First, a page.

Monday, July 15, 2024

Black & Latinos Feel More Optimistic About the State of the Country After Biden’s Election

According to a new report conducted by The Pew Research Center, Black and Latino Americans are feeling more positive following the days after the presidential election.

The study included 11,818 respondents who identified as White, Black, Latino, and Asian. The results showed that the number of Black adults who had indicated to feel angry dropped from 72% to 41% in the days following the presidential election. The number of Latinos who had indicated to be angry decreased from 67% to 44%.

The results also showed that 64% of Black & Latinos indicated to feel more hopeful after the election. White respondents’ optimism also increased from 45% to 50%. Before the pandemic there were racial and economic gaps which affected Black & Latinos and during the pandemic, these gaps widened.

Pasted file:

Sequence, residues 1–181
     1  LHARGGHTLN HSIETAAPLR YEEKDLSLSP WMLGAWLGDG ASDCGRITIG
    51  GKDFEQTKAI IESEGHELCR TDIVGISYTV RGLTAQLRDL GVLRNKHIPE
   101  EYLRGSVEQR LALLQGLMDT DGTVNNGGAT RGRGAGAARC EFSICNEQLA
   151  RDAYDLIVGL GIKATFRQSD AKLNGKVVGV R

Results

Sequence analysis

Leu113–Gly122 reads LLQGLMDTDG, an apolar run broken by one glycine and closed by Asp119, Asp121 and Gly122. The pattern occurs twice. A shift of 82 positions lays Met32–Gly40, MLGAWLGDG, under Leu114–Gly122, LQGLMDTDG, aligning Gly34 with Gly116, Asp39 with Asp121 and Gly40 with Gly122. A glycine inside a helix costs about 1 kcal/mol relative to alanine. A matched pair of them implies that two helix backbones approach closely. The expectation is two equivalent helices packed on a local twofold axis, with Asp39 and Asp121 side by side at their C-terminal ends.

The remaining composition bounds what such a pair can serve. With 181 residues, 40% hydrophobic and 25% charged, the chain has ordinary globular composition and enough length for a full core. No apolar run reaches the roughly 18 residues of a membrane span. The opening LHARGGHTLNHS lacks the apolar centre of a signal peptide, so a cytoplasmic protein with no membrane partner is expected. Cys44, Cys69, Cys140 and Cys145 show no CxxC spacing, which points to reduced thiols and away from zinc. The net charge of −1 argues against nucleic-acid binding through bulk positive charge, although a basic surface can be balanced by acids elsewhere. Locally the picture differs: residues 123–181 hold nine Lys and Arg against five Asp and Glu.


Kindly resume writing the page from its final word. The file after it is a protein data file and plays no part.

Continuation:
Black & Latinos have been hospitalized and dying at a higher rate than any other racial groups, and workers are seeing higher unemployment rates than white workers, there are also similar trends in housing. Before the election, Black voters had expressed to be worried about racial injustices as well as police brutality and they felt undervalued by a President who didn’t condemn white supremacy. They also expressed their fear of losing health benefits if the Supreme Court overturns the Affordable Care Act.

Clarissa Martinez-de-Castro, deputy vice president for the Latino advocacy group UnidosUS said “For the last few years, people have felt either maligned, attacked or their concerns dismissed. [After the election results] many people felt like they could take a breath after holding your breath for a very long time”.